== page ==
ATS dancers must connect with each other, ensure that they are situated to enable clear sight lines, and they must trust their fellow dancers, and be willing to lead and to be led in turn. This allows each dancer in her centre stage performance to display her own dance signature, and when returning to her place in the chorus, to ensure a ‘seamless’ performance when re-joining her fellow dancers. Within this structure there is a wonderful sense of equity and support for individual dancers, and for shy or nervous dancers, the capacity to share the centre stage with a trusted ‘belly buddy’ encourages self-esteem and confidence.

It is this interaction and visible respect between dancers, uniformity and precision of movement of the group and the connection that occurs with each other and the audience when the dancers create the dance in unison, that contributes to the mesmerising effect of the ATS performance.

Costume:

The ATS costume also reflects the Gypsy Trail, with elements adopted from many countries. It is a curious reversal of the adoption of American bra and belt (bedlah) by many Egyptian, Turkish and Lebanese dancers and which are now ironically regarded as ‘traditional’ costuming by many.

The tribal tassel belt is generally built on a base of an Indian mirrored dowry piece and is decorated with Indian, Afghan, Egyptian and Spanish ‘dowry’ pieces of jewellery, tassels made of different threads and textured wools, coins, metal and wooden beads and mozunas. All are gathered and added as through the dancer has walked the Gypsy Trail as a traveller and has placed the most precious pieces on her clothing for protection and display.

Skirts are large – 5 metres – and are reminiscent of the tiered Flamenco style. Moroccan-style pantaloons are very full (2 metres per leg) and midriff tops have ¾ sleeves and are either based on Indian mirrored cholis or are plain with a coin bra over the top and open back. Hip shawls are often worn under the tassel belt, often Spanish or Russian in appearance, with long fringe. Locally, we tend toward shawls with origins in Indonesia or Malaysia. A headdress is always worn, generally a turban inspired by for example, the Tuareg in Northern Africa or those of the Indians. The turbans are elaborately decorated with additional scarves and jewellery.

A ‘dowry’ approach is adopted toward the belt and the jewellery. The more jewellery, the better. Many bracelets are worn, preferably three or four. Rings, necklaces, earrings and possibly nose rings. Berber women also wear jewellery on their feet. Earrings and brooches can be fastened on the turban, as can additional necklaces.

Facial, hand and feet decoration is also quite common, with bindi’s and ‘eyeliner tattoo’ markings on the face to designate tribal identity, and mehndi patterned feet and hands.

These costumes are rarely ‘ready-to-wear’ and definitely do not include sequins, diamantes or lurex! They reflect the colours, textures and ethnicity of a range of regions, and for the contemporary member of the ‘urban’ tribe, can represent many rewarding searches through second hand stores, ethnic shops and mum and grandma’s jewellery box and wardrobe.

In my experience, these costumes are best made in the company of other women ‘tribe’ members, where articles, threads, fabrics, hints, tips and practical assistance can be ‘traded’ while the foundations of trust and support are further consolidated between dancers in an informal, fun and constructive setting.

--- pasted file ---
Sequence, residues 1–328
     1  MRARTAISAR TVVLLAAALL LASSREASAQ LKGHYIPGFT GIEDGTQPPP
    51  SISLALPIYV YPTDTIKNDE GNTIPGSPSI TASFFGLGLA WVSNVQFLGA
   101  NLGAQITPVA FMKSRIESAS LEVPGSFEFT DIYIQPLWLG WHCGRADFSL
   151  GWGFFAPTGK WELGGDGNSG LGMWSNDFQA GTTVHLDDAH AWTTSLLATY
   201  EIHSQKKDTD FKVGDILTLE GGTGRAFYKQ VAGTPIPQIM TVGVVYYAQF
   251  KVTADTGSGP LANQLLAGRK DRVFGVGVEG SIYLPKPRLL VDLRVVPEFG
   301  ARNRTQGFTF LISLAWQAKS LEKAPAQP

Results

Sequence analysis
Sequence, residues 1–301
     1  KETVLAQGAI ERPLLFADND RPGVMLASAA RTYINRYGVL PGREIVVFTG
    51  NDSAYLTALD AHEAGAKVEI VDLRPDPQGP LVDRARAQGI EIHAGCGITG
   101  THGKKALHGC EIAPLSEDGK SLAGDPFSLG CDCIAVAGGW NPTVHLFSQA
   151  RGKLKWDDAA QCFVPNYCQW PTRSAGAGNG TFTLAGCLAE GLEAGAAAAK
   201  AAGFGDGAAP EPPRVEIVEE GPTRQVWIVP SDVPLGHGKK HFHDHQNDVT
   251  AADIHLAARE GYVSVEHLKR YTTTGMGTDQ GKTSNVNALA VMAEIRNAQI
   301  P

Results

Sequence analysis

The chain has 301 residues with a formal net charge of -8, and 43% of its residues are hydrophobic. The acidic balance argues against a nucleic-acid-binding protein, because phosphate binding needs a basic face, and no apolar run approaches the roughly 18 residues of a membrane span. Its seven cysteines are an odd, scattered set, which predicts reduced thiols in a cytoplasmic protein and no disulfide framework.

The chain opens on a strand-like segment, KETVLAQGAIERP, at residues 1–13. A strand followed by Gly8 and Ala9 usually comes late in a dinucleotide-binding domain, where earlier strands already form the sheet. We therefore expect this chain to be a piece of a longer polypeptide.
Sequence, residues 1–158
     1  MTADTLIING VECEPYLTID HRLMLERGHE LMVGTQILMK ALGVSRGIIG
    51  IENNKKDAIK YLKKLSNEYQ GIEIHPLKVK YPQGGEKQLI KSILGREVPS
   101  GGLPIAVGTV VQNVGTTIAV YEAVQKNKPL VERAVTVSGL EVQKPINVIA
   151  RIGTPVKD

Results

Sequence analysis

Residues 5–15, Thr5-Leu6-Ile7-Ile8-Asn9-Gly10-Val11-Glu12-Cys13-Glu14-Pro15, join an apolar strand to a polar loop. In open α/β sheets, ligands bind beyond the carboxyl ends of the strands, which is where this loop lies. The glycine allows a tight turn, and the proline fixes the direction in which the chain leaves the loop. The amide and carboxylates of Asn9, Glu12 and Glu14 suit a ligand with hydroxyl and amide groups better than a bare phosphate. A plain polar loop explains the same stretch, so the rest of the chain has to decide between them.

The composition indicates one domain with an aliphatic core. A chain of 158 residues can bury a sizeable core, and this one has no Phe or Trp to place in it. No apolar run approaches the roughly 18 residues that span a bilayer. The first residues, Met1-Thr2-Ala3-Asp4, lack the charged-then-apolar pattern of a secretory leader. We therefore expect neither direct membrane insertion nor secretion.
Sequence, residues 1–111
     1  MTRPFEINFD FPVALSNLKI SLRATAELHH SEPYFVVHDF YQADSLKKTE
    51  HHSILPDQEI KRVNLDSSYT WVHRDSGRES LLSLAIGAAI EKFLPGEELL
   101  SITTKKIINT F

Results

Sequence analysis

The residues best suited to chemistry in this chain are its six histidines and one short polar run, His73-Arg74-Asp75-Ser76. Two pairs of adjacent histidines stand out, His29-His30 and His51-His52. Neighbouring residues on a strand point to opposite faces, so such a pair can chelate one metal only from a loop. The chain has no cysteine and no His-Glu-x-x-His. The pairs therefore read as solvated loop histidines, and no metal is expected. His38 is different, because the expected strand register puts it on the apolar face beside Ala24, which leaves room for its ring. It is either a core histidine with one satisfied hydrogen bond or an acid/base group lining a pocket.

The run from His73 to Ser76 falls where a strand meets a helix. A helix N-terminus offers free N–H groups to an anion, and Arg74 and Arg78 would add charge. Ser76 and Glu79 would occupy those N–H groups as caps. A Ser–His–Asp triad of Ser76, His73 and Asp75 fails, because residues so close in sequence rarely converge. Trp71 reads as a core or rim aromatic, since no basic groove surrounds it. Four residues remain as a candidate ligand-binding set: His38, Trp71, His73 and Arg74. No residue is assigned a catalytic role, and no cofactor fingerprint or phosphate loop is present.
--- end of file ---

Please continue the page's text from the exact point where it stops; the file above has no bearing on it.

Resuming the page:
Music

Music is generally based on folkloric/tribal music with a 4/4 rhythm, although other rhythms are now being increasingly adopted. Simple music with strong rhythm sections dominate much of the music used in this style The main base is a strong tabla beladi base and powerful mizmar.

Zills are used throughout the dance and the zaghareet is often the signal for the beginning and end of a piece. Neither is popular with the neighbours but both are great fun to practice.

Is it for you?

ATS has many elements that appeal, particularly to the dancer who prefers the support of a group and the opportunity to showcase her best moves in a brief time period, rather than the traditional 3-5 minute solo.

It is helpful to have been exposed to other forms of MED dance to understand the cultural origins, context and feeling of the ATS ‘fusion’ of movements, and to develop the strength and flexibility to execute movements completely and well. However, this knowledge and experience is not a necessary prerequisite to ATS, and indeed, many students have found that the challenge lies in ‘letting go’ of previously learnt dance patterns and posture.

ATS requires a degree of courage, in that rather than each dancer individually focussing on the ‘principal’ dancer or teacher, as is often the case in troupe work, dancers must connect with each other. There are fewer interactions with the audience, more with your fellow dancers.

ATS is not sequined or flirtatious. It reveals only the midriff, face and lower arms and relies for its impact on precision, group ‘mind’ and strength in its presentation.

It’s philosophy is based on the unique strength of the tribe as a collective as well as the individual strengths of its members. Competitiveness between dancers has no place in its seamless performance. ATS is not just troupe work or choreography, but requires an essential connectness and interaction between the dancers, discipline to learn and know the movements and courage and insight to both follow the leader, and to be the leader.

For more information on this form of dance you may enjoy a wander through the Fat Chance Belly Dance website at http://www.fcbd.com/. This site offers an inspiring scrapbook of photos, and arguably the most comprehensive selection of tribal music, costume, jewellery and instructional and performance videos through their on-line merchandise catalogue. I can fully recommend the FCBD ordering and shipping service.



Alaine Haddon-Casey
©March 2002